|Born||23 November 1958|
|Thesis||The dynamics of innovation : newness and novelty in the Athens of Aristophanes (1998)|
|Doctoral advisor||Peter Lunt|
Armand D'Angour (born 23 November 1958) is a British classical scholar and classical musician, Associate Professor of Classics at Oxford University and Fellow and Tutor in Classics at Jesus College, Oxford. His research embraces a wide range of areas across ancient Greek culture, and has resulted in publications that contribute to scholarship on ancient Greek music and metre, the Greek alphabet, innovation in ancient Greece, and Latin and Greek lyric poetry. He has written poetry in ancient Greek and Latin, and was commissioned to compose odes in ancient Greek for the 2004 and 2012 Olympic Games. His research into the sounds of ancient Greek music (2013 to date) has been widely publicised., and his book Socrates in Love (published in March 2019) presents new evidence for a radically revisionist historical thesis regarding the role of Aspasia of Miletus in the development of Socrates' thought.
D'Angour was born in London and educated at Sussex House School and as a King's Scholar at Eton College. While at Eton he won the Newcastle Scholarship in 1976, the last year in which the original twelve exams in Classics and Divinity were set, and was awarded a Postmastership (academic scholarship) to Merton College, Oxford to read Classics. From 1976 to 1979 he undertook a Performer's Course (piano/cello joint first instruments) at the Royal College of Music, London, where he studied piano with Angus Morrison and cello with Anna Shuttleworth and Joan Dickson. At Oxford (1979–83) he won the Gaisford Greek Prose Prize, the Chancellor's Latin Verse Prize, the Hertford Scholarship, and the Ireland and Craven Scholarship, and graduated with a Double First (BA Hons, Literae Humaniores). In 1983, he sat for a Prize Fellowship by Examination at All Souls College, but was unsuccessful. He then studied cello in the Netherlands with cellist Anner Bylsma, and now regularly performs as cellist with the London Brahms Trio. From 1987 to 1994 he worked in and eventually managed a family business. In 1994-8 he researched for a PhD at University College London on the dynamics of innovation in ancient Athens, a topic inspired by both his classical background and his experience of innovation in business. During this period he co-authored a book with Steven Shaw on swimming in relation to the principles of the Alexander Technique.
In 2000 D'Angour was appointed to a Fellowship in Classics at Jesus College, Oxford. He extended the chronological scope of this doctoral research to produce The Greeks and the New (published by Cambridge University Press in 2011), a wide-ranging academic study of novelty and innovation in ancient Greece; he has applied the findings of his research to business and to other domains, including music and psychoanalytic theory. His publication in March 2019 of Socrates in Love: The Making of a Philosopher, in which new evidence is proposed for the identification of Diotima in Plato's Symposium with Aspasia of Miletus, was greeted by a spate of largely positive notices, including reviews in the Telegraph, the Times, the Guardian, the Spectator, and the Wall Street Journal.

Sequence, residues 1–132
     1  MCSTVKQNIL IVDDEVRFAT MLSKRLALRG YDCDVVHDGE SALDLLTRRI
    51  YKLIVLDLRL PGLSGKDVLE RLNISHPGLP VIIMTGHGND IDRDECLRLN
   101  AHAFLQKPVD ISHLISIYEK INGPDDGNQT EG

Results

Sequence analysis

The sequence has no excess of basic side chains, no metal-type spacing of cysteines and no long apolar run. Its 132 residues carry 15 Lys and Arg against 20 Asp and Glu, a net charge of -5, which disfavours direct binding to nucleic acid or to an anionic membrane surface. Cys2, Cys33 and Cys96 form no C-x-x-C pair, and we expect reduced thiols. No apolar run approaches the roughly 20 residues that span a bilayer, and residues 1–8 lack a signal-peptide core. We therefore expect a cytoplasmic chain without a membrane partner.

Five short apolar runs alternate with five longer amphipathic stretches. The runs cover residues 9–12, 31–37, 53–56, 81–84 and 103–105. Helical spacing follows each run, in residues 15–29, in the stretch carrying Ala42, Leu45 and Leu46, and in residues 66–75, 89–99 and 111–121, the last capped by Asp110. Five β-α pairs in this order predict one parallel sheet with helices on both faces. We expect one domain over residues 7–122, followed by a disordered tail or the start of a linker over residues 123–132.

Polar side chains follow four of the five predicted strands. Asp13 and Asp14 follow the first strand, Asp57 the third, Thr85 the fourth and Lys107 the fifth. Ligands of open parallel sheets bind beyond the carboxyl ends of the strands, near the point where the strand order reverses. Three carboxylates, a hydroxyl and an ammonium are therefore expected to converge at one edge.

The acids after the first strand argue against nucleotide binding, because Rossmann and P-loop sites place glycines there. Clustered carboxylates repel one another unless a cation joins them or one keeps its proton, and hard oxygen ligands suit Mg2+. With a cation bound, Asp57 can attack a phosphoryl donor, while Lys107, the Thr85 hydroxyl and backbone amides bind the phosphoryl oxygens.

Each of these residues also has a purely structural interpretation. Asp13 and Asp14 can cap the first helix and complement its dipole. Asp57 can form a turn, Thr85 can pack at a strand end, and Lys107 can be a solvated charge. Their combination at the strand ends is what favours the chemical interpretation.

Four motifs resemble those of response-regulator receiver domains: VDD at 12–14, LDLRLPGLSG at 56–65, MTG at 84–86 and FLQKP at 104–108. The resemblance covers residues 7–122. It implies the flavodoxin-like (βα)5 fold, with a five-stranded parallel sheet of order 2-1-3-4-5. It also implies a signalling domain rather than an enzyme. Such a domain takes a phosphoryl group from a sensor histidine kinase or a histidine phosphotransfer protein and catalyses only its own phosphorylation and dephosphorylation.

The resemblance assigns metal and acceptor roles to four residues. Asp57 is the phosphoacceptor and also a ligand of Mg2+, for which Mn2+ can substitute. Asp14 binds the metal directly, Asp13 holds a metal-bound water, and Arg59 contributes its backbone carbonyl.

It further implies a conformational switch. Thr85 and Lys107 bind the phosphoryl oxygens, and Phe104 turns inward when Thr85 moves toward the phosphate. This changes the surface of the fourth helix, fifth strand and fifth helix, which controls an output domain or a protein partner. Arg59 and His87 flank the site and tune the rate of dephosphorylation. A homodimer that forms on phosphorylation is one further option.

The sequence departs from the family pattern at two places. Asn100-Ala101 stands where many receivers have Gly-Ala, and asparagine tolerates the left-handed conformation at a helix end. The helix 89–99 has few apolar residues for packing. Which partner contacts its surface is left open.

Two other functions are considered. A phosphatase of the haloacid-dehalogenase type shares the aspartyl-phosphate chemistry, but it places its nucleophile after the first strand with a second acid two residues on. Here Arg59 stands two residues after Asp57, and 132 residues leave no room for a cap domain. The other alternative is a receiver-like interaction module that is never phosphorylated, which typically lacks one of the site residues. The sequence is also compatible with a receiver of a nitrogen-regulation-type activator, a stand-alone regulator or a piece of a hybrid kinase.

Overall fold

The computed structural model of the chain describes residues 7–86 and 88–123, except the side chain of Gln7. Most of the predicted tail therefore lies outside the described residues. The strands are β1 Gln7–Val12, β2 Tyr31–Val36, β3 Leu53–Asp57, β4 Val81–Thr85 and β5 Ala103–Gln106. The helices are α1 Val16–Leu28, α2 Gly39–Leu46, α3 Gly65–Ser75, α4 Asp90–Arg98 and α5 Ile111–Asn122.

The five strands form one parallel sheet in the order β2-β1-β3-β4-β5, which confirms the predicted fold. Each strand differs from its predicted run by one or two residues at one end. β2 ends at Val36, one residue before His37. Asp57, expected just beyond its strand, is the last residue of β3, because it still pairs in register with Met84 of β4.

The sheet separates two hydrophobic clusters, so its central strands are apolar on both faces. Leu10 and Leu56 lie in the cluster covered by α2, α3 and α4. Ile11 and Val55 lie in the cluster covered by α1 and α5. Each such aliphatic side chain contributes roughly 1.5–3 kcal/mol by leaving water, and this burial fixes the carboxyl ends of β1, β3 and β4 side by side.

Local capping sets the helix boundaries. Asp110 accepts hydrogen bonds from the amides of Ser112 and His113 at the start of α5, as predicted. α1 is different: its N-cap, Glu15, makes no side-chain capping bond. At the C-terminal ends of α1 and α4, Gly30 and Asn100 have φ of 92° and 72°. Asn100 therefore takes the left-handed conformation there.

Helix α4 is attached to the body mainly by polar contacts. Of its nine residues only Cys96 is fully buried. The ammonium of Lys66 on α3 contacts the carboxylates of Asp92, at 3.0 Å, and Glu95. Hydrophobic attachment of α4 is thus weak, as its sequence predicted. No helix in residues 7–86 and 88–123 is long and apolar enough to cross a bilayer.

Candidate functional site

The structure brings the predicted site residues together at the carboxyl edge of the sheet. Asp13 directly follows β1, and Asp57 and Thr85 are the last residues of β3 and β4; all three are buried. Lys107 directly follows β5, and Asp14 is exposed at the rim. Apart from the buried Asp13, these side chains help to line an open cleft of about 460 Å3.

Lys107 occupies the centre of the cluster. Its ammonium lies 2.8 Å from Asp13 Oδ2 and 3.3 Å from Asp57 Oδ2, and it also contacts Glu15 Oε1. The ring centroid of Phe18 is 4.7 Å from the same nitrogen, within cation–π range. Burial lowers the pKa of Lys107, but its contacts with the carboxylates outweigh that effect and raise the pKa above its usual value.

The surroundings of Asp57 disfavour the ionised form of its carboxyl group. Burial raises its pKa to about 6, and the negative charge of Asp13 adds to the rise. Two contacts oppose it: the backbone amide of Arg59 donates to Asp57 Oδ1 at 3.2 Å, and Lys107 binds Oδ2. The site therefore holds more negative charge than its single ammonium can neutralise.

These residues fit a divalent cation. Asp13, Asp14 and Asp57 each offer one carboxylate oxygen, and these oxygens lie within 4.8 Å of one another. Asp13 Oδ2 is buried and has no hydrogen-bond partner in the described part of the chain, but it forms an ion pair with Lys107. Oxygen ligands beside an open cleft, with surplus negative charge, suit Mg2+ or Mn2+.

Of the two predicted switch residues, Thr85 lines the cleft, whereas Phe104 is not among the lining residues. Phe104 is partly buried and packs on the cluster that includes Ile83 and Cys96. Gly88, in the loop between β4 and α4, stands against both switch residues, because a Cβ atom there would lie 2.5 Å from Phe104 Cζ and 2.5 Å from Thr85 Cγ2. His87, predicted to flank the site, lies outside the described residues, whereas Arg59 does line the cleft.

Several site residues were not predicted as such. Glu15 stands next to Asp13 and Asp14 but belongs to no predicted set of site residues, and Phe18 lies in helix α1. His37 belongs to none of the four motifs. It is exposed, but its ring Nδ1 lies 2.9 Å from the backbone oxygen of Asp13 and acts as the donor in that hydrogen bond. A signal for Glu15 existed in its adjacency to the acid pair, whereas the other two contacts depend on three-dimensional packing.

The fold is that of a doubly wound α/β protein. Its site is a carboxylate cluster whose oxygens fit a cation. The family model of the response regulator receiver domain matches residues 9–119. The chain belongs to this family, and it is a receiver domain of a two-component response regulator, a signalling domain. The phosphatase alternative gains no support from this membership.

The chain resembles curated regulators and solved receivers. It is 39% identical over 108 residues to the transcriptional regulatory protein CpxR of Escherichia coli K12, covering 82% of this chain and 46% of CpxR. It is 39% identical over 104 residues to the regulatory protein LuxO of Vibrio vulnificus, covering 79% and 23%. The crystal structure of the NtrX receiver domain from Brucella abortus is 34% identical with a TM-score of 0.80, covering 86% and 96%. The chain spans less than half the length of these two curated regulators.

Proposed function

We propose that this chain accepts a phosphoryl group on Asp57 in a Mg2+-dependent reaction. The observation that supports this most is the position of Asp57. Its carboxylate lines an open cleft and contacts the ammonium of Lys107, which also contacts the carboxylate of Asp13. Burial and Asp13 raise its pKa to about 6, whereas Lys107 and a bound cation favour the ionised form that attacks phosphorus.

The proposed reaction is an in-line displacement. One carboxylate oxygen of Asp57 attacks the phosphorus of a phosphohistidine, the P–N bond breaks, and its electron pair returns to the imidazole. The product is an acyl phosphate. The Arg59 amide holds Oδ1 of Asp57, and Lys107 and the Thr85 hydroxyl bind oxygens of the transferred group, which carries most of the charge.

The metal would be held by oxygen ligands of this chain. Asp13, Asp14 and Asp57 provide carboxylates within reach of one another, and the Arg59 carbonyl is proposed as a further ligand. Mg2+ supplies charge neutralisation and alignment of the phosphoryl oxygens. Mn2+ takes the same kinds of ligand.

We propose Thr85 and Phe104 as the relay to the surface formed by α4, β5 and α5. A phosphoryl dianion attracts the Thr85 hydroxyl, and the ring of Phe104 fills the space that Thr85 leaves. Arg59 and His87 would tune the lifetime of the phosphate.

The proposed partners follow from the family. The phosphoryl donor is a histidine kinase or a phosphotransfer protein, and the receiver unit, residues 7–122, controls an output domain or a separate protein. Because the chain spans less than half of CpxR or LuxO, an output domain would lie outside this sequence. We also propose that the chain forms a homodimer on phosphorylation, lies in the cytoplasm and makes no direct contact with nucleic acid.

Reconstructing Ancient Greek Music
In 2013-15 D'Angour conducted a Research Fellowship awarded by the British Academy to investigate the way music interacted with poetic texts in ancient Greece, which resulted in a widely acclaimed scholarly breakthrough in the subject. In 2013 he published a conjectural verse reconstruction of the lost portion of Sappho's famous fragment 31. In May 2015 he appeared in a BBC Four documentary entitled 'Sappho', for which he used scholarly evidence to recompose the music for two stanzas of an ancient Sapphic song; in July 2016 he organised and presented the first ever research-driven concert of ancient music in the Nereids Gallery of the British Museum. In January 2017 he was interviewed about his research into ancient Greek music by Labis Tsirigotakis as part of the programme 'To the Sound of Big Ben' on Greek TV's ERT1 Channel; and in July 2017 the first public performance of his musical reconstructions of the chorus preserved on papyrus from Euripides Orestes (408 BC) and the Delphic Paean of Athenaeus (127 BC) was given at the Ashmolean Museum, Oxford. His investigations have been claimed as a breakthrough, principally in demonstrating the affective symbolism and tonal basis of Greek music of the Classical period, and thereby affirming its connection to later European musical traditions. His numerous public talks, media interviews, and online presentations on the topic led to the award in 2017 by the Vice-Chancellor of Oxford University Louise Richardson of a prize for public engagement with research. He subsequently composed music in ancient Greek style to accompany a series of performances of Euripides' play Alcestis (438 BC) staged in the Greek theatre at Bradfield College in June 2019.